Obviously the technology exists, but at a higher cost per vehicle. The good news, from a reduced emissions standpoint, is that road testing will probably be part of the certification process for TDI vehicles in the future.

    The bad news is that the additional testing and compliance costs will make those cars more expensive in the future.


  4. Ron,

    I want to introduce a totally off topic subject. I am assuming that, you are still checking back and Jon will indulge us. I thought about doing it on CD but I don’t want to have to deal with morganovich freaking out about being sidetracked which might actually be a legitimate complaint in this case.

    Today there is a long video on EconLog of a debate between Heumer and Richard Epstein. This was of interest to me because Epstein is a formidable debater and Huemer is the all time champion in your view for stating the anarcho-captalist position (after recently having replaced Spooner) in your view. You won’t want to miss it. I found it fascinating and also bizarre at points. To some extent they talk past each other because Epstein is making a consequentialist argument and Hemmer is making a moral argument.

    Also interesting is the method they use for deciding a winner. The audience is first polled on their views and then the one moving the most people off their views at the end is declared the winner. As with all voting methods there are some problems with this one. The debator with the larger pool of possible converts would have an advantage. That would seem to favor Heumer since nacho-capitalists are rare even among self described libertarians.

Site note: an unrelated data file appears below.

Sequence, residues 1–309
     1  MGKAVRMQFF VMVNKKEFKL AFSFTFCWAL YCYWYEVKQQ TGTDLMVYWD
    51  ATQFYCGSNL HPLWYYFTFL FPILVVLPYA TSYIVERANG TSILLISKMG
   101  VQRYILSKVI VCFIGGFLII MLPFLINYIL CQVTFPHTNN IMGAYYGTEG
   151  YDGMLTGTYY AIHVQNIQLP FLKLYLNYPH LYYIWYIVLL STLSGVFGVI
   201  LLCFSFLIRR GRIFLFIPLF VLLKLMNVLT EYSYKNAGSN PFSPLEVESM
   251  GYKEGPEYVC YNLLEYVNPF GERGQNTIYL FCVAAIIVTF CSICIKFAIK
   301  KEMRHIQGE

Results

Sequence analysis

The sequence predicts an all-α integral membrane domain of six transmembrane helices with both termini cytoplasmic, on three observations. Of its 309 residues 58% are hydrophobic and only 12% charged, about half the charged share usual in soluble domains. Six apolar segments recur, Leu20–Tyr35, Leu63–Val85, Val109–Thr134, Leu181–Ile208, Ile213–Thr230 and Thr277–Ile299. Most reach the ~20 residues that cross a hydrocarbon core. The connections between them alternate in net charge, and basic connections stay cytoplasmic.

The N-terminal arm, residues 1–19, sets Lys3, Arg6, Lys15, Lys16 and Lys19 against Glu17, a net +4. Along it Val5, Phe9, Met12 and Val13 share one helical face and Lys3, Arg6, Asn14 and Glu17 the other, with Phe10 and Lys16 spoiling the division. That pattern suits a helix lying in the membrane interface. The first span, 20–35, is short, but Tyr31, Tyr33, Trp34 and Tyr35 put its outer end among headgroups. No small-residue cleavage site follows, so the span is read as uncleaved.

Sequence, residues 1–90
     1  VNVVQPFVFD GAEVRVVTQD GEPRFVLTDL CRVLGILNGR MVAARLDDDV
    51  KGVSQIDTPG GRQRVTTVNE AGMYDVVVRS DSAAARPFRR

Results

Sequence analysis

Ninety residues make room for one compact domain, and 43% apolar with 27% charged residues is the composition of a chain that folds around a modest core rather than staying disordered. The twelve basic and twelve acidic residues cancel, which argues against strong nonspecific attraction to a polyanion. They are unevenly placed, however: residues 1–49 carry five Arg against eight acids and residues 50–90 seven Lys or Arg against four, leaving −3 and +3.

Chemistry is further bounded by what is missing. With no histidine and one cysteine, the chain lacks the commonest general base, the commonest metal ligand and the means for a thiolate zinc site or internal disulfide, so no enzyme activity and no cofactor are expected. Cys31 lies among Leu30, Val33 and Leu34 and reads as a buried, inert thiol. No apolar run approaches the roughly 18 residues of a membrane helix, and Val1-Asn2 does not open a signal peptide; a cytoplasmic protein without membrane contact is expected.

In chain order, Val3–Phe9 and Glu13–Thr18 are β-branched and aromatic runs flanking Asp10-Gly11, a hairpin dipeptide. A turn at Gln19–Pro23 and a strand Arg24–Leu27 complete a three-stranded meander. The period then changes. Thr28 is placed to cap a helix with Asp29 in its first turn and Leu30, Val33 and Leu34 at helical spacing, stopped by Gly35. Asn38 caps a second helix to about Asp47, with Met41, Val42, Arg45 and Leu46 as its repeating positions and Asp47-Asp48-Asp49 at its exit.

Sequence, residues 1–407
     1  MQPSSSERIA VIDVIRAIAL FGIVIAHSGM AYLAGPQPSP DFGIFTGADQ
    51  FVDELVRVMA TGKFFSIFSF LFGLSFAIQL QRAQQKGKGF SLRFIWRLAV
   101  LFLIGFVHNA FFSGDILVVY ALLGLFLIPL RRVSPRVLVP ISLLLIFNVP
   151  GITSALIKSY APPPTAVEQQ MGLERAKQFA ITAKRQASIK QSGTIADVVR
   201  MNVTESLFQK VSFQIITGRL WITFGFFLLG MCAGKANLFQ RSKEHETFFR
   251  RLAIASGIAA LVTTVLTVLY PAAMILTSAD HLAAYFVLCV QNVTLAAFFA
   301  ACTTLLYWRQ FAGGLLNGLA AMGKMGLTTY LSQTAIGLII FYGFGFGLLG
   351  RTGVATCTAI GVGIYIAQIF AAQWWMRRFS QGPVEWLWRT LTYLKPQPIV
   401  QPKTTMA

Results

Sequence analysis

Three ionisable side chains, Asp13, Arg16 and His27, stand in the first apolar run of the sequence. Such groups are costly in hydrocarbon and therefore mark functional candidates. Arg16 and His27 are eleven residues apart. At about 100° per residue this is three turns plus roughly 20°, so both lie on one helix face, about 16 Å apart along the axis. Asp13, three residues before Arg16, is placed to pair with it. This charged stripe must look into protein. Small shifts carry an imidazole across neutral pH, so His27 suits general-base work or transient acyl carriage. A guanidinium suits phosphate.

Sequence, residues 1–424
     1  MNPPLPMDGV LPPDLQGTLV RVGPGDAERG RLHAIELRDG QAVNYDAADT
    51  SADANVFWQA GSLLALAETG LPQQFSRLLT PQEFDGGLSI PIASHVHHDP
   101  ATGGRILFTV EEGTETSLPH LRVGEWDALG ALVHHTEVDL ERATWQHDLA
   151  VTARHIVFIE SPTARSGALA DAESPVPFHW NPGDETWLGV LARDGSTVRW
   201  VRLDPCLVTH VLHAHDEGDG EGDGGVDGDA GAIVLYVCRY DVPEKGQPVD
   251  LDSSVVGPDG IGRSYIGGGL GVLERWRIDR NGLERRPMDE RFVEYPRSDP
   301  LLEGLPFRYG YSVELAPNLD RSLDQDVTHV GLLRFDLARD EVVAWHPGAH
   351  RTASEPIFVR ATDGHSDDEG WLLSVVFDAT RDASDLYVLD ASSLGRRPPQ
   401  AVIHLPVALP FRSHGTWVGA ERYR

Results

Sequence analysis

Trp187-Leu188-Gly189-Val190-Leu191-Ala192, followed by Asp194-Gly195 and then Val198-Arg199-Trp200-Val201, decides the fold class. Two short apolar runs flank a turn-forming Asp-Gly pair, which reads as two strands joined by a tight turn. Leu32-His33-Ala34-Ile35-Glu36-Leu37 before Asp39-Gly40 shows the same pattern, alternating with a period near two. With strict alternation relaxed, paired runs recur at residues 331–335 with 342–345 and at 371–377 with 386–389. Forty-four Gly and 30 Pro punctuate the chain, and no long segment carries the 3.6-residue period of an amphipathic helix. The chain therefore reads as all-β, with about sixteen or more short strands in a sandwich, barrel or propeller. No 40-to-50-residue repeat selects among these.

But some audience members may well cheat. They are doubtless mostly familiar with these arguments and may take an initial position with the predetermined intention of moving later to favor their guy. I think the hosting group was some kind of mostly Randian organization. I don’t think they are anarchy-capitalists.

    I am interested to know what you think of it. Epstein was declared the winner by the mostly libertarian ( but not probably an-cap audience). I’ll write a bit more later on my reactions to the debate.


  5. Oops. Some obvious misspellings there. Didn’t I tell you recently you wouldn’t have to wait long for more of my typos Ron? I am blaming most on spell check which does not recognize anarcho-capitalism and forces me to correct from anarchy-capitalist every time. We can at least dream that the movement may grow enough to one day get past spell check.

    Likewise for the correction to nacho-capitalists which sounds much more delicious than anarchos do. Hemmer is also a spell check default. I may need to up my game with proofreading.


    • I think we can all agree on nacho-capitalism. 🙂

      My problem was with my old Droid Razr that combines auto-complete with spell check. It’s both or neither. I only use it when I have no other choice. I decided I was better understood with misspelling than with random, unrelated words.